Understanding the Islamic Calendar

Understanding the Islamic Calendar


The Islamic calendar is based on a lunar year of 12 full lunar (monthly) cycles, taking 354 days. Each new year in the Islamic calendar thus falls 10 or 11 days earlier according to the 364 day solar calendar. The 12 months of the Islamic year are:

1. Muharram

2. Safar

3. Rabi’ al-Awwal (Rabi’ 1)

4. Rabi’ al-Thani (Rabi 2)

5. Jumada al-Ula (Jumada I)

6. Jumada al-Akhirah (Jumada II)

7. Rajab

8. Sha’ban

9. Ramadan

10. Shawwal

11. Dhu al-Qa’dah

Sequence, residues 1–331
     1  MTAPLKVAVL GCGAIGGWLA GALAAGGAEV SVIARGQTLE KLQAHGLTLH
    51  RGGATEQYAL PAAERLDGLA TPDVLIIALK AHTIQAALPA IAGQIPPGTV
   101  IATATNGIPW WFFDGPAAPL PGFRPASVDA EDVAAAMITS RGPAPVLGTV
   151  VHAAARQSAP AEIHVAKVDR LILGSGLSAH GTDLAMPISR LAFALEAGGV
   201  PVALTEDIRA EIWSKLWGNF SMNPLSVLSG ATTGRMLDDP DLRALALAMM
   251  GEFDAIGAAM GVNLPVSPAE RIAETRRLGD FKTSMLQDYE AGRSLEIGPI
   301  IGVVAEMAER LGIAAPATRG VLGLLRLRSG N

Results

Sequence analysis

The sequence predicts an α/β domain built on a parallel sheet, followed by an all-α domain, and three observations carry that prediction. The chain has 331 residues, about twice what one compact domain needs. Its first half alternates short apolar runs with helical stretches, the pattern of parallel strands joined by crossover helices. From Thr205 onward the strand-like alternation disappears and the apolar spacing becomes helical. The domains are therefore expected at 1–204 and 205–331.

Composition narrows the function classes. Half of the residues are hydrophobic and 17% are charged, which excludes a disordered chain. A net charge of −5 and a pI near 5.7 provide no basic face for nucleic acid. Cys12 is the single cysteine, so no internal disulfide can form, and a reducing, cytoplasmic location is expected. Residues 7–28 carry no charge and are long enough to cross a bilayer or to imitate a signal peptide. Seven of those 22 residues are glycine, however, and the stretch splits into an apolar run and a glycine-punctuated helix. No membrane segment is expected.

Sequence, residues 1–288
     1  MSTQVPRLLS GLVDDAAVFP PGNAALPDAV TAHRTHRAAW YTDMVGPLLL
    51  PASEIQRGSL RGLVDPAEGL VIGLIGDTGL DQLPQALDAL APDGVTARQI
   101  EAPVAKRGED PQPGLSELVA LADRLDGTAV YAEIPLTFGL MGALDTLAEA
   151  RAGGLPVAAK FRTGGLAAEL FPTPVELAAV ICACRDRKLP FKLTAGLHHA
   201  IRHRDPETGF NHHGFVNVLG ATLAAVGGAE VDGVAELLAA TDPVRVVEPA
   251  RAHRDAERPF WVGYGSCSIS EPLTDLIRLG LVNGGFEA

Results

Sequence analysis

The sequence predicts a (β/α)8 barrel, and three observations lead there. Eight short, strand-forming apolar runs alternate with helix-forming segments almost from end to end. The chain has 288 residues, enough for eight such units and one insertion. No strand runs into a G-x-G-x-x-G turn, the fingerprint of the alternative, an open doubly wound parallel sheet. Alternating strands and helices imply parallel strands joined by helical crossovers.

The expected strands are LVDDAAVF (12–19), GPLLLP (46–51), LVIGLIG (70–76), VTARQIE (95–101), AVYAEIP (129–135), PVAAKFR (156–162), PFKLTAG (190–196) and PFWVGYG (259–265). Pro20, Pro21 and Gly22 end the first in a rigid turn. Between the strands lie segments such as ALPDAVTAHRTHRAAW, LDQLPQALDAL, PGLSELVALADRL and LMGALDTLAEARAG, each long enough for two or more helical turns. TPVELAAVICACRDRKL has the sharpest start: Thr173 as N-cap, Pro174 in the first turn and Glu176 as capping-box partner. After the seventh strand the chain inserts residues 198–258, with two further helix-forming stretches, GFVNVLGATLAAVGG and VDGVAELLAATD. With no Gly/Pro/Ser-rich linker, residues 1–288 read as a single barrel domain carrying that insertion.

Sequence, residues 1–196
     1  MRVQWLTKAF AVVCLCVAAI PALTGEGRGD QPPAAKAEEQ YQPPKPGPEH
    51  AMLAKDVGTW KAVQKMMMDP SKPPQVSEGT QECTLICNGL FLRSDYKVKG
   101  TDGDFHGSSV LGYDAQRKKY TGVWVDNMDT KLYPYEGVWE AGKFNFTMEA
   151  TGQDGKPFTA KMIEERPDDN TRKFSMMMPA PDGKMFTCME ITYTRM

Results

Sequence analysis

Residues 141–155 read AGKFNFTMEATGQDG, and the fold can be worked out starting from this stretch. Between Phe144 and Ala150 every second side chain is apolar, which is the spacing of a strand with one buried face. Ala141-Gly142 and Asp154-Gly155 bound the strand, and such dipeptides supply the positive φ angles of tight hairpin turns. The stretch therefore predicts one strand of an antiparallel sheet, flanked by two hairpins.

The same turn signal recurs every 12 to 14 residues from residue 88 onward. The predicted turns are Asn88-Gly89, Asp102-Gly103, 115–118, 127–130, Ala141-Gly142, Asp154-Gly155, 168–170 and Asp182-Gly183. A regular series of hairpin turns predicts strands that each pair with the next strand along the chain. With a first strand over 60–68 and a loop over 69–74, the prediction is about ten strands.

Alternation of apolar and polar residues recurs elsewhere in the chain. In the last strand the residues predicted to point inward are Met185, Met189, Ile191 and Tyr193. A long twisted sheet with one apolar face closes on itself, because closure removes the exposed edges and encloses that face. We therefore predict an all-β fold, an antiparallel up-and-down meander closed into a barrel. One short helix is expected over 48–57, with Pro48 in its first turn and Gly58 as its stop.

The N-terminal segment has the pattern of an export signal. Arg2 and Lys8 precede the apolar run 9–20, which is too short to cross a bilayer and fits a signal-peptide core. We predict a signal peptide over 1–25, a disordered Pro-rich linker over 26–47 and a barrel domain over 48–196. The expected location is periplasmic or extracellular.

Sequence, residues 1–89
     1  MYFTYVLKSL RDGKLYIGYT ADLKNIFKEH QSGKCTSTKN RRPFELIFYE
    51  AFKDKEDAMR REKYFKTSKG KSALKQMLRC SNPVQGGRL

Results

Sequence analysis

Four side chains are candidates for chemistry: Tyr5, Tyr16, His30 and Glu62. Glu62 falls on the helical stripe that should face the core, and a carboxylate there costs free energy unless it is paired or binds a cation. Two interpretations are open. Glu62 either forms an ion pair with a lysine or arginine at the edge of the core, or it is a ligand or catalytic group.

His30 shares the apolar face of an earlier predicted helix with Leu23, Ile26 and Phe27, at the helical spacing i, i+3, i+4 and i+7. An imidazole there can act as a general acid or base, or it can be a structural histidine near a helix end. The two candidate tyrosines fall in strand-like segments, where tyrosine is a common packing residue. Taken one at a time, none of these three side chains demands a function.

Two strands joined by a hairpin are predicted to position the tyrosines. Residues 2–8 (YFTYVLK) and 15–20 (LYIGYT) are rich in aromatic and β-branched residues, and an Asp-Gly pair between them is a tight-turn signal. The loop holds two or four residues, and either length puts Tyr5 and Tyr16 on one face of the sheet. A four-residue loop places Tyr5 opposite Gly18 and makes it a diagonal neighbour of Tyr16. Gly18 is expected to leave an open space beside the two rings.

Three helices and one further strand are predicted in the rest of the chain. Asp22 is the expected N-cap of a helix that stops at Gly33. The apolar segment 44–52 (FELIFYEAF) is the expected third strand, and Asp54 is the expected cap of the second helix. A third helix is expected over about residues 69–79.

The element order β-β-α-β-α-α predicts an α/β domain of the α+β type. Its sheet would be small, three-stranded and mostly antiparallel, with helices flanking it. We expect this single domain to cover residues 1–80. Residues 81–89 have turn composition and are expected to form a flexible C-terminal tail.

12. Dhi al-Hijjah

The first day of Year One of the Islamic calendar was set as the first day of the Hijrah, the Prophet’s migration from Makkah to Madinah on July 26, 622 C.E. The western convention in designating Islamic dates is thus by the abbreviation AH, which stands for the Latin Anno Hegirae, or ‘Year of the Hijrah’.


To roughly convert an Islamic calendar year (AH) into a Gregorian equivalent (A.D./C.E.), or vice versa, use one of the following equations.
AD = 622 + (32/33 x AH)
AH = 33/32 x (AD – 622)